This is what the emergency and stay-at-home order means for Windsor-Essex

Malls and most non-essential retail stores are set to close to in-person shopping in Windsor-Essex as part of a province-wide emergency and stay-at-home order.

Ontario Premier Doug Ford announced the order Wednesday afternoon to try to prevent the spread of COVID-19. It will begin at 12:01 a.m. on Thursday at last for 28 days.

The province has also declared its third state of emergency.

“The Covid-19 situation is at a critical stage and we must act quickly and decisively to stay ahead of these deadly new variants,” said Ford.

The province is already under emergency brake shutdown orders that went into effect on Saturday.

The main difference is that starting Thursday non-essential retail outlets will be closed for in-person shopping.

Windsor-Essex medical officer of health Dr. Wajid Ahmed said the COVID-19 case count in the region isn’t as high as other parts of the province, but they are starting to climb. WECHU reported 41 new cases on Wednesday.

“If we just look at what today's numbers are then yes, someone could argue that this could be harsh for our region but with the trend, where we are heading, it could get worse,” says Ahmed.

Ahmed said from a bigger picture perspective a province-wide initiative is more effective than a patchwork of different restrictions and it prevents people from travelling to different regions that are more open.

The province is also strengthening public health and workplace safety measures for non-essential retail under the province-wide emergency brake.

The order received mixed feelings from Windsor-Essex residents.

“No one is paying attention,” Windsor resident Barbara Tintinalli says. “I don’t like the idea, but you do what you got to do. You stay home.”

“It’s unfortunate, the fact that we have to go through this again,” Bruce Millar of Harrow says. “I really geel for the small business people who have had to open their business, close their business.”

Ashley Innes, owner of Mina Peach Framing and Design, in south Windsor and says her kind of business works best if customers, even if it’s only one at a time, can wander and browse through her items.

She still plans to remain open for curbside pick-up though and says the new restrictions on big box retailers offers a tiny sliver of good news.

“Last time it wasn’t fair at all, that they were just able to sell anything that we have as well, the gift items and everything else, at least they’re doing that, this time, it softens it a little bit,” she says.

What does this mean for retail in the Windsor-Essex region?

  • Limiting the majority of non-essential retailers to only operate for curbside pick-up and delivery between the hours of 7 a.m. and 8 p.m., with delivery of goods to patrons permitted between 6 a.m. and 9 p.m., and other restrictions;
  • Restricting access to shopping malls to limited specified purposes, including access for curbside pick-up and delivery, via appointment, with one single designated location inside the shopping mall, and any number of designated locations outside the shopping mall, along with other restrictions;
  • Restricting discount and big box stores in-person retail sales to groceries, household cleaning supplies, pharmacy items (pharmaceutical, health care and personal care items, and pet care supplies) only;
  • Permitting the following stores to operate for in-person retail by appointment only and subject to a 25 per cent capacity limit and restricting allowable hours of operation to 7 a.m. and 8 p.m.:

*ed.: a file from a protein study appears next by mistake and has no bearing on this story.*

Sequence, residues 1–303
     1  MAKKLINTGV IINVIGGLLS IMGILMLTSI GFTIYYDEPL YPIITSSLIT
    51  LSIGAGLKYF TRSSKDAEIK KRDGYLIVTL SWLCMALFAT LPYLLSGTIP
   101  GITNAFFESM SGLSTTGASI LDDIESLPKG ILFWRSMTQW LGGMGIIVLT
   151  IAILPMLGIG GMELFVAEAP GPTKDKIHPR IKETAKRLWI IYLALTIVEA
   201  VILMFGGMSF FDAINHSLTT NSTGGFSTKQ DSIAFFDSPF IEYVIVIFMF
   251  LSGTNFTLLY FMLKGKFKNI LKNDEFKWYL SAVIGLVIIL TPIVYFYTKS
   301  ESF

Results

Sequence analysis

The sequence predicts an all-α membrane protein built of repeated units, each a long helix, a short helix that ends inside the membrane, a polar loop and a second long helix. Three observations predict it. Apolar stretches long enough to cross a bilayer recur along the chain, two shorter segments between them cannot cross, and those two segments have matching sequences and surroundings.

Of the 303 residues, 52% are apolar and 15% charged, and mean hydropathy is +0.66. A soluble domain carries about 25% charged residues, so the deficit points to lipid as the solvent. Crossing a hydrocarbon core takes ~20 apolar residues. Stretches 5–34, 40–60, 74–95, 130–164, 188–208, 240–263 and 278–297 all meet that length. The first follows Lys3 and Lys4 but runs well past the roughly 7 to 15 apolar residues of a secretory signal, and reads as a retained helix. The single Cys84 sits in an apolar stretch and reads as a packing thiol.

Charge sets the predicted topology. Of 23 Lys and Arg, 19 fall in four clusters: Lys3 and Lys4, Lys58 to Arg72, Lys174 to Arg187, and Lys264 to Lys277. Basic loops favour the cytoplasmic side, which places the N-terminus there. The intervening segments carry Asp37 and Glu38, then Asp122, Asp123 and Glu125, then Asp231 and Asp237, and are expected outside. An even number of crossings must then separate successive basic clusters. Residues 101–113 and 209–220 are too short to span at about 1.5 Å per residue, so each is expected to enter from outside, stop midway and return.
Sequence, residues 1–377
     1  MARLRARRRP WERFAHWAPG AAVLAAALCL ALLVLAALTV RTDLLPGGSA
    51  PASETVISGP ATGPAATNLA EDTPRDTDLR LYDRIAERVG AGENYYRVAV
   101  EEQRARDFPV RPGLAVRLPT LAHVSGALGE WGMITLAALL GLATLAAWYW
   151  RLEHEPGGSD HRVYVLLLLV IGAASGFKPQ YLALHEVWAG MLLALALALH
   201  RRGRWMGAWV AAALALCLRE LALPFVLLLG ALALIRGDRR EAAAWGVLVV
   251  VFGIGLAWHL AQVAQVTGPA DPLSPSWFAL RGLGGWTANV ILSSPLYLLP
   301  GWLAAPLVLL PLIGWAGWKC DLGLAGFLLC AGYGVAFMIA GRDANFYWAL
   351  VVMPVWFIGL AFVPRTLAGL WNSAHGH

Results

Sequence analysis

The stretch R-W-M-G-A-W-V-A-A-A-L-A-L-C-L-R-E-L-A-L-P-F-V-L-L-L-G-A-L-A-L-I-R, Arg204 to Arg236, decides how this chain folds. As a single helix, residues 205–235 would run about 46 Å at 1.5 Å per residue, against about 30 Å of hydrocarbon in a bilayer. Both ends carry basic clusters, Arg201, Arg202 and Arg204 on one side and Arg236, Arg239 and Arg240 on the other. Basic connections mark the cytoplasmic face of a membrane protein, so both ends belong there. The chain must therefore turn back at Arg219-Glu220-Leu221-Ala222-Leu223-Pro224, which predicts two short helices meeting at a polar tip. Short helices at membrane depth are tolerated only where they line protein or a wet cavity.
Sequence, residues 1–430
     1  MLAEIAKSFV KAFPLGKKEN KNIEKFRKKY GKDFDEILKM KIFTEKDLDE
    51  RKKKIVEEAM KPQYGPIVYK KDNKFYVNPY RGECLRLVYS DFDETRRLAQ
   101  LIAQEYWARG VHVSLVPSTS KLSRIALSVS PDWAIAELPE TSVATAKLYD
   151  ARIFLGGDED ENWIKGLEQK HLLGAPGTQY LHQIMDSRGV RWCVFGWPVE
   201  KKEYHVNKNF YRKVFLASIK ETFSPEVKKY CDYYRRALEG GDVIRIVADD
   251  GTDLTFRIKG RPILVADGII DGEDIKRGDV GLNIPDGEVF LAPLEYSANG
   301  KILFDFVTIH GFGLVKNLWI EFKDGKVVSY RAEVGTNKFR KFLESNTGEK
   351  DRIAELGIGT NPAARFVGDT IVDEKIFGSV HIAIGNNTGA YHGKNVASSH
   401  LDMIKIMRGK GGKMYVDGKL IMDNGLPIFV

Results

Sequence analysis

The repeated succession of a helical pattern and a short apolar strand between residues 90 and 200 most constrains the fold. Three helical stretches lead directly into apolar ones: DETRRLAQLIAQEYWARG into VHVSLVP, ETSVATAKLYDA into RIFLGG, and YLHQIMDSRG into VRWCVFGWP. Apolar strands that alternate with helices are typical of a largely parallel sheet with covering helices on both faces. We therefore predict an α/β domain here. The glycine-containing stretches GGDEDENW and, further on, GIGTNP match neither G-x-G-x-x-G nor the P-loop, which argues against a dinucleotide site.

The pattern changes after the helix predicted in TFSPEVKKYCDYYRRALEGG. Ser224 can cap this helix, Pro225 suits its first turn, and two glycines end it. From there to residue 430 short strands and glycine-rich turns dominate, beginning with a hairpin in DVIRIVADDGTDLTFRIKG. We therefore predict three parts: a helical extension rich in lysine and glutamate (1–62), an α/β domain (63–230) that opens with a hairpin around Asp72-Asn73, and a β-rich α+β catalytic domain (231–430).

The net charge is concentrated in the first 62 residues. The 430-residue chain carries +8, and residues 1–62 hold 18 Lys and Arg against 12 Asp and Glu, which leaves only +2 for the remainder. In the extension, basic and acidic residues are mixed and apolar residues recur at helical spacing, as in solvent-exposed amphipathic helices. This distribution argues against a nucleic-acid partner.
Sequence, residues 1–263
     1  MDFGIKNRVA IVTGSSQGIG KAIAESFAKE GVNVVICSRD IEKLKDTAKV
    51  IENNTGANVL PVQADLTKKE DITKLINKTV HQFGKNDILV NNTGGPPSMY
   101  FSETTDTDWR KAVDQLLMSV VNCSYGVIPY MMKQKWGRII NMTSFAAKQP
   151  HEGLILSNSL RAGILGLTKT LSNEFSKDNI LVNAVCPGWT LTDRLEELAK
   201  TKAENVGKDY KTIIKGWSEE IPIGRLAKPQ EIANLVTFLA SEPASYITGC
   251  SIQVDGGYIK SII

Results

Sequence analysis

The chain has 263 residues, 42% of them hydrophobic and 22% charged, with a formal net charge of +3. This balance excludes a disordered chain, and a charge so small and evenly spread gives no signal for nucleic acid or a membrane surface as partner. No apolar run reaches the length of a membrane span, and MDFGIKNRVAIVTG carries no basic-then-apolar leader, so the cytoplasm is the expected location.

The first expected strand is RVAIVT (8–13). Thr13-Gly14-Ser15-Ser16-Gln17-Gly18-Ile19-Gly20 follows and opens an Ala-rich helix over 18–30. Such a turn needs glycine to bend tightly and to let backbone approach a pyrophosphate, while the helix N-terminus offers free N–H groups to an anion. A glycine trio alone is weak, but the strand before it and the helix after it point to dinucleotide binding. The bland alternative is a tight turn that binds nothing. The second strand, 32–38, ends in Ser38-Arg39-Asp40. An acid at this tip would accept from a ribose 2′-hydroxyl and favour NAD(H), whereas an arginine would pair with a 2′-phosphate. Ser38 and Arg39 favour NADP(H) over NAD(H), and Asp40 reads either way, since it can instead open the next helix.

• Safety supply stores; businesses that primarily sell, rent or repair assistive devices, aids or supplies, mobility devices, aids or supplies or medical devices, aids or supplies;
  • Rental and leasing services including automobile, commercial and light industrial machinery and equipment rental;
  • Optical stores that sell prescription eyewear to the public;
  • Businesses that sell motor vehicles, boats and other watercraft;
  • Vehicle and equipment repair and essential maintenance and vehicle and equipment rental services; and
  • Retail stores operated by a telecommunications provider or service, which may only permit members of the public to enter the premises to purchase a cellphone or for repairs or technical support.
  • Permitting outdoor garden centres and plant nurseries, and indoor greenhouses that engage in sales to the public, to operate with a 25 per cent capacity limit and a restriction on hours of operation.

What about schools?

Windsor-Essex schools will remain open with strict safety measures in place.

Dr. Ahmed said Tuesday he hopes the region will not reach the point where schools need to close for in-class learning. Other health units around the Toronto region have issued Section 22 orders to move to full remote learning.

Beginning during the April break, education workers who provide direct daily support to students with special education needs across the province, and all education workers in high-risk neighbourhoods in Toronto and Peel, will be eligible for vaccination. As vaccine supply allows, eligibility will expand to high risk neighbourhoods in other hot spot regions, including York, Ottawa, Hamilton, Halton and Durham, followed by a rollout across the province as supply allows.

“While our government took decisive action by implementing the province-wide emergency brake, more needs to be done to protect against the threats to our health system resources and the continued health and safety of individuals and families across the province,” said Christine Elliott, Minister of Health. “By further strengthening public health and workplace safety measures, we can work to reduce transmission of the virus while we work to rollout Phase 2 of our vaccine distribution plan, and put more needles in the arms of Ontarians.”

- With files from CTV Windsor's Alana Hadadean.